If you’ve never struggled with anxiety, anxiety attacks, panic or excessive worry, than it may be challenging for you to know how to support your partner when they do. Being someone that has had GAD (Generalized Anxiety Disorder) for most of my life, it can be challenging to feel understood. Even having an ability to understand GAD from a clinical standpoint, it can still be difficult to explain my experience or know how to self soothe at times.

I self disclose this because I think it is important for people to understand that anxiety and anxiety disorders can have an impact on anyone. Anxiety is complex and there isn’t a one-size fits all remedy or “fix.” Although women are twice as likely to have anxiety disorders than men, during my counseling career I have noticed that many men experience anxiety without realizing it.

People that experience debilitating anxiety may tell you they feel insecure or ashamed. “I would try to hide my anxiety because I was so embarrassed for being stressed out about dying. I’d notice a new birthmark and would immediately dwell and google skin cancer for days. I was convinced in my fear stricken state that I was dying, yet my rational brain would often say, ‘You’re fine…’ It was almost as if I couldn’t trust which voice to listen to, so I just kept searching online for reassurance until I was so physically and emotionally upset that I couldn’t get out of bed. It wasn’t until then that my partner really started to understand how complex and heavy my anxiety really could become. I was so afraid he would minimize my experience and tell me how stupid I was; I didn’t know how to ask for support, let alone confront him with my fears, so I would often just close him off and then we would get into an argument.” – Alexis, 32. This is an example of health anxiety, which many researchers think close to 15% of the population may struggle with this particular disorder. Someone struggling with health anxiety is often misunderstood and can be dismissed by others around them, including doctors or professionals.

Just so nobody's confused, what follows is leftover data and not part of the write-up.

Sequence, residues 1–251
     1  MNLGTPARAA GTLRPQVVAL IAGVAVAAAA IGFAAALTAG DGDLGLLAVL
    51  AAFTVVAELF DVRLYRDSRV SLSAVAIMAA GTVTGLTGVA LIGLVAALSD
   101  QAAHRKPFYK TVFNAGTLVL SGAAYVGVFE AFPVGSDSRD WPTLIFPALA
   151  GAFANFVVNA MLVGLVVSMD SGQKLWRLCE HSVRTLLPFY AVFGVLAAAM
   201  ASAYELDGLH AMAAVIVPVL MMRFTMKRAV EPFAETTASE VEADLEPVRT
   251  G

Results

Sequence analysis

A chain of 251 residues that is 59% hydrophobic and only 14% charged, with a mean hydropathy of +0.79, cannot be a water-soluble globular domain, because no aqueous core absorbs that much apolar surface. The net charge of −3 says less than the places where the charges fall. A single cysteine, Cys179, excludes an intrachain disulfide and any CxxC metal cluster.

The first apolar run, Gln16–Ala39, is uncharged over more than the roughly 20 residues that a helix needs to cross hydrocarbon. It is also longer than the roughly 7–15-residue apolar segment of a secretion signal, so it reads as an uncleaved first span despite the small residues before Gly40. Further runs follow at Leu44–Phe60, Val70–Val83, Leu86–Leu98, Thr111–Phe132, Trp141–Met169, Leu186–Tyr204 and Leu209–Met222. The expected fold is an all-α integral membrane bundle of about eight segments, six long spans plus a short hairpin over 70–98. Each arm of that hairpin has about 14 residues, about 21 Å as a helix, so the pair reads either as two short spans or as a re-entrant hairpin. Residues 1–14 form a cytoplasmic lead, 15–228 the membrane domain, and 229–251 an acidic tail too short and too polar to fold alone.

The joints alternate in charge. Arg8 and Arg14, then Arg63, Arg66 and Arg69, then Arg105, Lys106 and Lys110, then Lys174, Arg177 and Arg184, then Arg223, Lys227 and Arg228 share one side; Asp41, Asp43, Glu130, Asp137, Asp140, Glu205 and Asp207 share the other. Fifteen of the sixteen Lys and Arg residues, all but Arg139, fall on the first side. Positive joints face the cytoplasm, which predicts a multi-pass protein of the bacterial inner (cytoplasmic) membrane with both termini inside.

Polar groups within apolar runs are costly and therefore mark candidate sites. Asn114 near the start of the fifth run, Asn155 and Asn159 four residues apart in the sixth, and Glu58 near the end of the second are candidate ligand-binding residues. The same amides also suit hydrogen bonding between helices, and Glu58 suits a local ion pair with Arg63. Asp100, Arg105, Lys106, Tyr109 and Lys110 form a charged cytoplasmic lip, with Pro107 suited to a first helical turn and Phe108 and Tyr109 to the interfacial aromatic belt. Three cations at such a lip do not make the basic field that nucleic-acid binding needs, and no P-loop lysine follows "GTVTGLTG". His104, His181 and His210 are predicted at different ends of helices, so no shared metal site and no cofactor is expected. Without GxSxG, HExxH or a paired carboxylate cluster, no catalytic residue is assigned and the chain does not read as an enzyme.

Social anxiety is also very common and many people mask their symptoms by engaging in alcohol or recreational drugs to soothe their fears. This can lead to relational arguments and misunderstandings. It is easy to make assumptions that your partner is just being shy, closed off or awkward; they have a drinking problem or they are socially rude. It is important to understand the root cause, because these may be signs that link to anxiety management instead.

If your partner is struggling with anxiety and you don’t quite understand how to support them, please try these tips:

How to support your partner with anxiety: Tip #1

Don’t (ever) tell them to “calm down,” “chill out,” or “don’t worry about it.” Although the intent may be supportive, it comes across insensitive and dismissive for the partner struggling with soothing their nervous system and intrusive thoughts. It may seem counterintuitive but try validating their anxiety instead. Validating their anxiety can actually help them put a name to their experience, while also helping them feel understood. “You’re feeling anxious… It’s ok. I’m here.”

How to support your partner with anxiety: Tip #2

When your partner is not feeling anxious, try to understand what their anxiety is like for them. Ask questions like, “What does it feel like in your body?” “What thoughts do you have when you’re anxious?” or “Do you know what triggers it for you?” or “What helps you when you’re feeling that way?”

How to support your partner with anxiety: Tip #3

During an anxiety attack, remind them to breathe. Deep and long inhales/exhales are incredibly helpful for their nervous system to calm and can distract their mind from continued panic.

How to support your partner with anxiety: Tip #4

If your partner has a particular diagnosis, educate yourself on it. By researching what anxiety is, it can be more helpful for you to understand the symptoms from a more objective place.

How to support your partner with anxiety: Tip #5

Support your partner in seeking a professional help if they aren’t seeing someone already.

How to support your partner with anxiety: Tip #6

Give your partner some grace and always try to exercise compassion. It may be hard to relate to and understand anxiety personally, (or rationally), but the more compassion you can express, the more your partner will feel comforted.

Notify of
Inline Feedbacks
View all comments